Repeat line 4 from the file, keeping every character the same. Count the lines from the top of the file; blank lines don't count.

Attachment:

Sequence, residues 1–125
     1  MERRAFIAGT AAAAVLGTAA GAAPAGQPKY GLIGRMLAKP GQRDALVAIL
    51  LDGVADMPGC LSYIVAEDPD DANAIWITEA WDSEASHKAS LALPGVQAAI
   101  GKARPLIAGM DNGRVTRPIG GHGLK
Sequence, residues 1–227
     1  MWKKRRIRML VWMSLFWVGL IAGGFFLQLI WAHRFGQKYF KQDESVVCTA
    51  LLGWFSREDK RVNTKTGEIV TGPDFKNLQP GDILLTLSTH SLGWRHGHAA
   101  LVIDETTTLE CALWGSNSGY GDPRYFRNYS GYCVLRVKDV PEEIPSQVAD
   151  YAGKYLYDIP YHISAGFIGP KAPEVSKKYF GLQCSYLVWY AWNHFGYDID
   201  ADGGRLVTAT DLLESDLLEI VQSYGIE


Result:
   101  GKARPLIAGM DNGRVTRPIG GHGLK